Finally, and most emotionally, Viola Davis electrified with her profound words after winning Best Supporting Actress. As perhaps the most elegant and impactful voice in Hollywood right now, Davis spoke about the power of art and artists and about the stories of ordinary people to a completely silenced crowd.

Jimmy Kimmel as host

After many years of subpar hosts — Ellen DeGeneres was inconsistent, Neil Patrick Harris was boring and Chris Rock took a few missteps in what could’ve been a great show — Jimmy Kimmel was, interestingly enough, not bad, but not great. He took advantage of the events of the past year and half, both in society and in film, in a relatively decent fashion. Even with his distasteful jokes, Kimmel was self-aware. But regardless, Kimmel’s performance was refreshing, especially with his always on-point Matt Damon digs.

“La La Land” report

“La La Land” notoriously tied the record for most Oscar nominations, with 14 total, with “All About Eve” and “Titanic” back in January. Ever since then, many speculated on whether or not it could break or tie the wins record of 11 held by “Ben-Hur,” “Titanic” and “Lord of the Rings: Return of the King.” Frankly, it was never going to win 11 or more, with strong competition in multiple categories. As the night went along, it just wasn’t meant to be, as the Academy tried to spread the love across the many great films from 2016. Yet, when “La La Land” won Best Director (the youngest to ever win) and Best Actress, it appeared that Best Picture was all but finished. But then…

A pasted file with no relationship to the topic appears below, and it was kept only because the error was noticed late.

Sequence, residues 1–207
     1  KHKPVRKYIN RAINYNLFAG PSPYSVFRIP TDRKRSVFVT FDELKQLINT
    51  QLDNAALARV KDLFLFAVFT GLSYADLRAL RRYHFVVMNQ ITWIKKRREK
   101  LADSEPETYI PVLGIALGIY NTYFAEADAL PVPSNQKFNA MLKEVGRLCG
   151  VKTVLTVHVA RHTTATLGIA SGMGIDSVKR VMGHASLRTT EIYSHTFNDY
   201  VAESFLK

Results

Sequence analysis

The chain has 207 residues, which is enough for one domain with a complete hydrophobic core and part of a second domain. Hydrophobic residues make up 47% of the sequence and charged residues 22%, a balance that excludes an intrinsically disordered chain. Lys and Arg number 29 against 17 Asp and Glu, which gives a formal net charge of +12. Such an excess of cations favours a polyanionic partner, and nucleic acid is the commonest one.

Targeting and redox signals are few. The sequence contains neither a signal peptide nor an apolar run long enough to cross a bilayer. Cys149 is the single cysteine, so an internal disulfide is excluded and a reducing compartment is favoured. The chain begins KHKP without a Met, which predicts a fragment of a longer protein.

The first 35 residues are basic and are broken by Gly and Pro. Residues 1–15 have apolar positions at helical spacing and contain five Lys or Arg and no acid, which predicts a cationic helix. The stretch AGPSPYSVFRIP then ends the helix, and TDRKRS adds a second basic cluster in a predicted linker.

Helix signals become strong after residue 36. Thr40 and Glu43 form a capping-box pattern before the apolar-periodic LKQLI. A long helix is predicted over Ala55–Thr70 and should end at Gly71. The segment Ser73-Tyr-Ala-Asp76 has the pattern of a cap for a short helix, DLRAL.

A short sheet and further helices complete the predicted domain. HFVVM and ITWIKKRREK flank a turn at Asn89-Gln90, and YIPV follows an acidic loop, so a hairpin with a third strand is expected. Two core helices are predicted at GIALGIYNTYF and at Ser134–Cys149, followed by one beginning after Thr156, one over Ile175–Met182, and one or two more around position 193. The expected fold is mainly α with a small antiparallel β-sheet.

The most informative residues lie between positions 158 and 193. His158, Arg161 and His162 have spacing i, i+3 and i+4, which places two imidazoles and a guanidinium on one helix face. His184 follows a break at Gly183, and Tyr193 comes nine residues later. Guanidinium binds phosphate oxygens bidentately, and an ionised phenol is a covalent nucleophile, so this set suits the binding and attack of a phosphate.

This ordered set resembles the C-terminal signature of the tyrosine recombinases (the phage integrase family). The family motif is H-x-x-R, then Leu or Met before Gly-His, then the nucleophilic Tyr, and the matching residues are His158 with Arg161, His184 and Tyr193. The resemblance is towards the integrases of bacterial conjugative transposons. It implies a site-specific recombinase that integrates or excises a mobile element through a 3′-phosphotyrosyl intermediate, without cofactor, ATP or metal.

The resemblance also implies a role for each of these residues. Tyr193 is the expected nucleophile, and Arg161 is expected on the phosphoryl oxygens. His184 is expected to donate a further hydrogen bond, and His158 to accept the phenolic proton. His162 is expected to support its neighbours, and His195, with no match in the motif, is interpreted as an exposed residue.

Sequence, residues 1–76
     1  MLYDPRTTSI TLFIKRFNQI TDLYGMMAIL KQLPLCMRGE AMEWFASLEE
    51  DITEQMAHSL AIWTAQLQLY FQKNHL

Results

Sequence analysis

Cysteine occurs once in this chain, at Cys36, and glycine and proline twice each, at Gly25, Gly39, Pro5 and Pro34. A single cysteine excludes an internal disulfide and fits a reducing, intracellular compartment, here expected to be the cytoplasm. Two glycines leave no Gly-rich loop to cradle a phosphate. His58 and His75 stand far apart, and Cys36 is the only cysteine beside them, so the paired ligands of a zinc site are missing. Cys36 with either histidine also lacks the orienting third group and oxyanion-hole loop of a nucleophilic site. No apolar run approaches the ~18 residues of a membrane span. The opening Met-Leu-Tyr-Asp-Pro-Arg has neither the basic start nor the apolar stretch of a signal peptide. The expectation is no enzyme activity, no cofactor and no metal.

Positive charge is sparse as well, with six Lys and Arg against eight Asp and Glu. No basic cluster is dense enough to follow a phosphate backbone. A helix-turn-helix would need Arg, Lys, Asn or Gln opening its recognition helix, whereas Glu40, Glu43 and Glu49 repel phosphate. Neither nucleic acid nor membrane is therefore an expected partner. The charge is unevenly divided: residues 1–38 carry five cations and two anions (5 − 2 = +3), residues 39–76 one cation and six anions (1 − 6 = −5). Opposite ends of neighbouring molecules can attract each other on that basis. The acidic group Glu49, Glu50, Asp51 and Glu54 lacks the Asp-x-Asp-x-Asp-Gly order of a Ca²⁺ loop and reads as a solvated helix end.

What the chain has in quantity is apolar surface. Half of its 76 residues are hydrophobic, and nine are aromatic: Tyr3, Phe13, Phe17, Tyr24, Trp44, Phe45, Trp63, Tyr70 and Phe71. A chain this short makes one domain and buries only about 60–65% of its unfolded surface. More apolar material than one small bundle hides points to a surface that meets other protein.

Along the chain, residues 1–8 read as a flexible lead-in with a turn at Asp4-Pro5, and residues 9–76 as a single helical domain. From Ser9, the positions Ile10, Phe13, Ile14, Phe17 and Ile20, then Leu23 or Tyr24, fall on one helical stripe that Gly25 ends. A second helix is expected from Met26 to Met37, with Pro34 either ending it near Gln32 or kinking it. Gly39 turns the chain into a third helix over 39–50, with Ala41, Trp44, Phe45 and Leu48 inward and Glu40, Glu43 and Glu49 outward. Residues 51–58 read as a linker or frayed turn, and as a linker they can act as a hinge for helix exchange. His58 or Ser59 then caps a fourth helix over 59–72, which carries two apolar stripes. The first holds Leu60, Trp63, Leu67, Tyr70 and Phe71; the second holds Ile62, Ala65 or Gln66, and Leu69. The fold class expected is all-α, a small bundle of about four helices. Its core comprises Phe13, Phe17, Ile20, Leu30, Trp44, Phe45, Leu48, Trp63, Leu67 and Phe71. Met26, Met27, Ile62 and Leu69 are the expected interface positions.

That moment

In a historic moment in Oscar history, there was a mistake made in the announcement of an award — the big one, Best Picture. Presenter Warren Beatty stated that he received the wrong envelope, the one for Best Actress, which went to Emma Stone of “La La Land.” His hesitation showed confusion at the lack of producer names, and under the lights and pressure, his presenting partner Faye Dunaway looked at the card and immediately said, “La La Land.” Producers of the Oscars show rushed on stage to correct the mistake, and the “La La Land” producers, mainly Jordan Horowitz, handed over the award to the true winner, “Moonlight,” in incredibly graceful fashion. This is a terrible occurrence that both puts the entire team of “La La Land” in a stomach-sickening situation of disappointment, but also takes away from a proper celebration of “Moonlight,” a very deserving Best Picture winner that has lasting social importance and haunting artistic beauty. This was an agonizingly unfortunate finish to an otherwise solid broadcast.

Kyle Kizu is the arts & entertainment editor. Contact him at kkizu@dailycal.org. Tweet him at @kyle_kizu.
Contact Levi Hill at lhill@dailycal.org.

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  • Kill TalmudScum

    As these comments (or lack thereof) show, no one gives a sht about stupid Hollywood agit-prop made by utterly talentless inbred jew imbeciles, but nice try.